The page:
Sep 13, 2011
Infrastructure needed to help farmers cope with climate changeBack
Agriculture|DURBAN|Johannesburg|SECURITY|Africa|Roads|Security|Systems|Water|Africa|South Africa|Security|Food Crop|Food Production|Food Security|Gross Domestic Product|Physical Infrastructure|Product|Rural Infrastructure|Security|Systems|Infrastructure|Maite Nkoana-Mashabane|Security|Tina Joemat-Pettersson|Water|Sub-Saharan Africa
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Physical infrastructure referred to included roads, market buildings and storage facilities, and institutional reference comprised extension programmes, credit and input markets and reduced barriers to internal trade.
Speaking at the African Ministerial Conference on Climate-Smart Agriculture, in Johannesburg, she said research remained key in identifying early actions and best practices to build capacity and increase resilience and carbon sequestration, while enhancing food security.
“Current and ongoing awareness programmes should assist the farming communities to put in place the best farming practices, which will promote sustainable agriculture and thereby contribute towards the green economy,” she said.
Nkoana-Mashabane called for governments and nations to assess the range of risks and plan to reduce vulnerability accordingly, adding that climate change “would have dramatic consequences for agriculture”.
Agriculture contributes to 30% of gross domestic product in sub-Saharan Africa, and may employ 70% of the labour force, she explained.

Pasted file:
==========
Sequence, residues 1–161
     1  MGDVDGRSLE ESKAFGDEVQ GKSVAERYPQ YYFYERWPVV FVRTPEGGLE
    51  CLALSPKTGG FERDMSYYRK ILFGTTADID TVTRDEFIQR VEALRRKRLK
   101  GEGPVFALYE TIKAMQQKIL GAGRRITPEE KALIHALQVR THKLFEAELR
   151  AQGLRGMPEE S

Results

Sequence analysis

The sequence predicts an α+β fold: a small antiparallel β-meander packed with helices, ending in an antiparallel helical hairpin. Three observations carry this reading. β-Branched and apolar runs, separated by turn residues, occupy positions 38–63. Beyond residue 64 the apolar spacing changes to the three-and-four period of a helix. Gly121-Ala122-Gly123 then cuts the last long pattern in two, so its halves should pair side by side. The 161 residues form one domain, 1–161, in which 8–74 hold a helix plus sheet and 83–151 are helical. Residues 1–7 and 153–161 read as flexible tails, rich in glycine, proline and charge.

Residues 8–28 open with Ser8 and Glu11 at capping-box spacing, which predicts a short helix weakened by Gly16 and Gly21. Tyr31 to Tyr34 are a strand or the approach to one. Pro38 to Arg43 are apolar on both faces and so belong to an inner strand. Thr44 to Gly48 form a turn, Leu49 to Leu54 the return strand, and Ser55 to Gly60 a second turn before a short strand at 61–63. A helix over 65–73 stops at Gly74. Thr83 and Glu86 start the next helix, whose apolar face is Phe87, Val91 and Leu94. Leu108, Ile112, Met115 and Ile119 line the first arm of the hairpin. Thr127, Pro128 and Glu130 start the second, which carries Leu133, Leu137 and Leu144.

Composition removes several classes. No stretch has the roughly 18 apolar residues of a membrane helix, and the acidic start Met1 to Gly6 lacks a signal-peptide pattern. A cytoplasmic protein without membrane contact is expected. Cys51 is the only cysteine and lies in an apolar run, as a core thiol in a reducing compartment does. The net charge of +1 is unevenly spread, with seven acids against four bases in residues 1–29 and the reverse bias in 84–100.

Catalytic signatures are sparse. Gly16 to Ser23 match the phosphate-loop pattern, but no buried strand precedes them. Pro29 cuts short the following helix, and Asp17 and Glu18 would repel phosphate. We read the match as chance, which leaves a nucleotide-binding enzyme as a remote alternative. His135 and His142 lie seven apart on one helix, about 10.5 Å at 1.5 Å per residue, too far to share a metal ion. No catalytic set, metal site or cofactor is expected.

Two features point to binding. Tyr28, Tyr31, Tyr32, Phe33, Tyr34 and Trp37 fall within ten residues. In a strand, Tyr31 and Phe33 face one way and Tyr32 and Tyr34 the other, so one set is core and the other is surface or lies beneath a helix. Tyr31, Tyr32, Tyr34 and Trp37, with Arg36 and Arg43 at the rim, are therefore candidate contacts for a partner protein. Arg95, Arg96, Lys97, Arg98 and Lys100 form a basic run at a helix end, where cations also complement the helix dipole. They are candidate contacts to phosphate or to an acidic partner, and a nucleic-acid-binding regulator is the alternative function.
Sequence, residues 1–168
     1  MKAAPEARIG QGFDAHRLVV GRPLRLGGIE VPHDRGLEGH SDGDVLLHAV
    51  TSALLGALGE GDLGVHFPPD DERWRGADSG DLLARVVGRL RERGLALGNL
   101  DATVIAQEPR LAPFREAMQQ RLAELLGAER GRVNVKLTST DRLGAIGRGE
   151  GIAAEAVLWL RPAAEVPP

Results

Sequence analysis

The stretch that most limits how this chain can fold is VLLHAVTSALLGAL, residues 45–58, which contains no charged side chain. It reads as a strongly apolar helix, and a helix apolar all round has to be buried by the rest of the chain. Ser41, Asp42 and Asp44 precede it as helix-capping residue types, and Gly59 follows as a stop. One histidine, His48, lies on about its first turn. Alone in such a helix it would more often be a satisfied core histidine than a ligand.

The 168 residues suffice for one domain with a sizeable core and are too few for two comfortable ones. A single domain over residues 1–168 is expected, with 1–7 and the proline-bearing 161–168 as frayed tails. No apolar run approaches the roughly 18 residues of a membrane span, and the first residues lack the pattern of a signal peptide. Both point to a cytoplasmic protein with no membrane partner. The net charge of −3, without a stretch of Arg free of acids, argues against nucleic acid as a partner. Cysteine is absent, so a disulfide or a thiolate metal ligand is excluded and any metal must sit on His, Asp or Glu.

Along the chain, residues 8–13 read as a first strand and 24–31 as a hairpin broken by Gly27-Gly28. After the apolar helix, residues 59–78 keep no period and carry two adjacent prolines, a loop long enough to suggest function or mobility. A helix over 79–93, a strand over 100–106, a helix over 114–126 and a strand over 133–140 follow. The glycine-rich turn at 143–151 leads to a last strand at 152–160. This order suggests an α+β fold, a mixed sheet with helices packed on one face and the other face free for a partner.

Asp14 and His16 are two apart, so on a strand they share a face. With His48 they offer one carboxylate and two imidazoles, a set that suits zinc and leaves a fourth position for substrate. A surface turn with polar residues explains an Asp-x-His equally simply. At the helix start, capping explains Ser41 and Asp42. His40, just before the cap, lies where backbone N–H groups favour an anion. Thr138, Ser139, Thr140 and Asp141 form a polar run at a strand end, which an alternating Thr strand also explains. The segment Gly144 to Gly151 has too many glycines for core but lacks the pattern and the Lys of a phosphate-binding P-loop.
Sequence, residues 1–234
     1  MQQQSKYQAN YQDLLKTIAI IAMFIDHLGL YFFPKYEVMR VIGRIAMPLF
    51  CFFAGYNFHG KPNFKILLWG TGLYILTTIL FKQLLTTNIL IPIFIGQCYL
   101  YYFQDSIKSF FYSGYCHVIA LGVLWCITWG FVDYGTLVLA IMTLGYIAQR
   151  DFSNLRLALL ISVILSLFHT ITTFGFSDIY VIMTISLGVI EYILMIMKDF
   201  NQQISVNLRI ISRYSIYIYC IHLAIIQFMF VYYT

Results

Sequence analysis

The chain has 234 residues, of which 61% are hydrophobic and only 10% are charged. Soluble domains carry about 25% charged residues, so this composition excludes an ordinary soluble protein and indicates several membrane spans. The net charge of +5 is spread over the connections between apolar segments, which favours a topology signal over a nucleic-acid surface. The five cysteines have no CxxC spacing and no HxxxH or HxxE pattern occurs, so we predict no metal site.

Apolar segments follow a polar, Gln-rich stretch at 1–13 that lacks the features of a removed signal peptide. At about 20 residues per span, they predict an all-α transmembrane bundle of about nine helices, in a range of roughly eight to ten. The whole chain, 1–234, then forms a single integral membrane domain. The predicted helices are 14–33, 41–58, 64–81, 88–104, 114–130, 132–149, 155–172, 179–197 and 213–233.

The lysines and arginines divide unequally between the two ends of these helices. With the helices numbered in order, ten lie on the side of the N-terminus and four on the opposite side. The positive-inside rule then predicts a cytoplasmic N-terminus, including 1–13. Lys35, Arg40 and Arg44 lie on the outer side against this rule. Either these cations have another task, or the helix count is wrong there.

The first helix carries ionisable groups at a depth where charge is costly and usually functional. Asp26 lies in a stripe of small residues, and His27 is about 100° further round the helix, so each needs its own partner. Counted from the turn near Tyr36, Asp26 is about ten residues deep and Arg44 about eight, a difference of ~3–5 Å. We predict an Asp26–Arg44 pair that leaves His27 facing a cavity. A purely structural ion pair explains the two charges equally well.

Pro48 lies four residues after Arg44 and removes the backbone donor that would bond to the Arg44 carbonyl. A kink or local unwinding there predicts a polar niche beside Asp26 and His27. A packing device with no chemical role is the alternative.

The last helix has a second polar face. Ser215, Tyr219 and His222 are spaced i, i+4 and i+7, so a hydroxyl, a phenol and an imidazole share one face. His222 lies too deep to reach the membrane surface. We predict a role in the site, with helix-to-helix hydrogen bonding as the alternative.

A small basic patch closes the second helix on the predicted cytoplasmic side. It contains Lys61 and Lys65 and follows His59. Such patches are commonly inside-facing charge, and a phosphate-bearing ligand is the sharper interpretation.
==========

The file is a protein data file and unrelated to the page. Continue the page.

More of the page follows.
According to South Africa’s Department of Agriculture, Forestry and Fisheries, and the African Union, feeding Africa and the globe at a time of climate change is a major challenge.
Global food production must rise by 70% by 2050 to feed over nine-billion people worldwide, but without strong adaptation measures, climate change will reduce food crop by 16% worldwide and by 28% in Africa over the next 50 years.
“Eighty percent of the sub-Saharan population lives in rural areas. African countries, despite contributing only about 3.8% to greenhouse-gas emissions, are most vulnerable to the effects of global warming, climate variability and climate change.”
She said that as the country prepared for the seventeenth Conference of Parties (COP 17) under the United Nations Framework Convention on Climate Change, to be held in Durban later this year, it was critical to start looking beyond the event.
Agriculture, Forestry and Fisheries Minister Tina Joemat-Pettersson concurred: “We are hoping that the sharing of experiences on this continent, will lead to a shared future of actions and not just plans of action. We are looking beyond COP 17 for the development of this sector, including research and development and funding.”
“We need to link climate change, food security and poverty. We need to engage on emerging issues including finance and technological support and approaches such as climate-smart agriculture, which are geared to address food security, adaptation and mitigation,” Nkoana-Mashabane said.
Climate-smart agriculture seeks to increase productivity in an environmentally and socially sustainable way, strengthen a farmer’s resilience to climate change and reduce agriculture’s contribution to climate change by reducing greenhouse-gas emissions and increasing carbon storage on farmland.
This type of agriculture employs techniques such as mulching, crop rotation, integrated crop-livestock management, agroforestry, improved grazing and water management, as well as innovative practices such as weather forecasting, early warning systems and risk insurance.
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